320 Ste-Catherine E.
Montréal, H3C 3P8

Popular version of poster session 2aSC, “Auditory feedback perturbation of vowel production: A comparative study of congenitally blind speakers and sighted speakers”
Presented Tuesday morning, May 19, 2015, Ballroom 2, 8:00 AM – 12:00 noon
169th ASA Meeting, Pittsburgh
When learning to speak, young infants and toddlers use auditory and visual cues to correctly associate speech movements to a specific speech sound. In doing so, typically developing children compare their own speech and those of their ambient language to build and improve the relationship between what they hear, see and feel, and how to produce it.

In many day-to-day situations, we exploit the multimodal nature of speech: in noisy environments, for instance like in a cocktail party, we look at our interlocutor’s face and use lip reading to recover speech sounds. When speaking clearly, we open our mouth wider to make ourself sound more intelligible. Sometimes, just seeing someone’s face is enough to communicate!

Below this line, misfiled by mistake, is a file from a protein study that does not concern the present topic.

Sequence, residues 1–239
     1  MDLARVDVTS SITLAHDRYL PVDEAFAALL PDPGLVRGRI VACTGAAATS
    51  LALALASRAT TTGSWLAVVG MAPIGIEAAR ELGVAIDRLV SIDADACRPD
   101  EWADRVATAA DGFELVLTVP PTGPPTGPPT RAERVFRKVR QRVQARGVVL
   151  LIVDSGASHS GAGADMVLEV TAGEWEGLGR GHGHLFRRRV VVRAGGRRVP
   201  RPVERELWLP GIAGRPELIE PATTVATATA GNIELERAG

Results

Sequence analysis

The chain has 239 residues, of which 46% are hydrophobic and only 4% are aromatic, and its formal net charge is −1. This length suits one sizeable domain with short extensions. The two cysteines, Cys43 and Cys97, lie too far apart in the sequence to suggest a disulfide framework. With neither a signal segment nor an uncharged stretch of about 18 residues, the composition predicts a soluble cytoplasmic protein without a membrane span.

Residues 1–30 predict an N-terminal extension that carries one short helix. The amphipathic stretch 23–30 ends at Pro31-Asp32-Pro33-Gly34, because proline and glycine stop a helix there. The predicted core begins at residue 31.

What happens in cases of congenital blindness? Despite the fact that blind speakers learn to produce intelligible speech, they do not quite speak like sighted speakers do. Since they do not perceive others’ visual cues, blind speakers do not produce visible labial movements as much as their sighted peers do.

Production of the French vowel “ou” (similar as in cool) produced by a sighted adult speaker (on the left) and a congenitally blind adult speaker (on the right). We can clearly see that the articulatory movements of the lips are more explicit for the sighted speaker.

Therefore, blind speakers put more weight on what they hear (auditory feedback) than sighted speakers, because one sensory input is lacking. How does that affect the way blind individuals speak?